In the end, Jobs, so rich and so famous, is just another parent who withholds what his children need to thrive. “How can it look so good but feels so bad?” Brennan-Jobs says of living in his house. Her aunt, the writer Mona Simpson, answers, “What else is money for… if not to make it look good?” This artfully constructed, self-critical memoir feels like so much more than axe-grinding: what does look good is Brennan-Jobs’s future as a writer. —Sarah Harrison Smith, Amazon Book Review

Excerpt

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Discussion Questions

1. How does Steve Jobs come across in his daughter's memoir? What were your expectations of him before you read Small Fry? Were they altered or confirmed after having finished the book?

2. When she was only a little girl, Jobs told his daughter that he hadn't named the Apple Lisa computer after her. As an adult, she writes that he wasn't being cruel but teaching her a lesson—"not to ride on his coattails." What is your take on that episode? Was it a good lesson? How do you think young Lisa might have felt that at the time it took place, as opposed to looking back 30-some years later with the cushion of hindsight? What other incidents does the author point to as examples of Steve Jobs' life lessons?

3. Follow-up to Question 2: The author wants readers to forgive her father—as she herself has. Is it easy for you to do so, to put aside his seeming cruelty? She herself wonders whether she has conveyed his true nature: "Have I failed in fully representing the dearness and the pleasure …of being with him when he was in good form?" What do you think?

4. Follow-up to Question 3: What are the moments in the memoir that capture Jobs when he was in "good form"? Consider the time he showed up unexpectedly in Japan, pulled her out of school, and talked with her about the nature of God and consciousness. "I was afraid of him and, at the same time, I felt a quaking, electric love," she writes. Does that description of Jobs capture his charisma, his "true nature," or warmth?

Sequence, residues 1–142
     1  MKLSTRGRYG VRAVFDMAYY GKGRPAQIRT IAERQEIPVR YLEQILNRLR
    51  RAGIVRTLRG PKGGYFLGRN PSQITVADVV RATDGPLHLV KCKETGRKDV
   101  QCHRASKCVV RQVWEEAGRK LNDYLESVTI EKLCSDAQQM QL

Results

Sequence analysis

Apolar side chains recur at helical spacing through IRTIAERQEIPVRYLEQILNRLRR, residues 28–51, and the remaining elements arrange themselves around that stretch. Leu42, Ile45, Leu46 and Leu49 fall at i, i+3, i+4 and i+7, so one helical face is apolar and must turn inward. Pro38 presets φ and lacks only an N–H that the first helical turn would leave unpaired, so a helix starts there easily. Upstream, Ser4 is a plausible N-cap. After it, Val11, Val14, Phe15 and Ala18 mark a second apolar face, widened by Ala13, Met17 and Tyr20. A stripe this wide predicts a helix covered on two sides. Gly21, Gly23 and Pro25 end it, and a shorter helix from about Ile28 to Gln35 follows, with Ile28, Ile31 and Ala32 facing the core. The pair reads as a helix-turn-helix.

5. How does Brennan-Jobs portray her mother, Chrisann Brennan? Why did Lisa leave her mother's home to live with her father? How would you have fared as a child or teen under either parent?

6. Once Lisa moved in with him, her father forbade her to see her mother for six months. He objected to her school extracurricular activities, and accused her of not "succeeding as a member of this family." She needed to be around more, he told her, "to put in the time." What do you think of Jobs' criticism?

7. How does Brennan-Jobs herself come across in her memoir? How would you describe her? Do you see her as traumatized? As resilient? As both?

8. What do you think of the neighbors who moved Lisa out of her father's house into their house—and even paid for her to finish her college degree? Were they right to interfere?

9. All of the people Brennan-Jobs writes about in this book are still alive except Steve Jobs, of course. Do some research to find out their various reactions to Small Fry. What do you think, overall, of the author's presentation of her family? What was her motive to write this book? Do you see it as a standard celebrity "tell-all" story? Is it vengeful? Is it putting the record straight? Is it a working out of the author's own identity? How do you see Lisa Brennan-Job's memoir?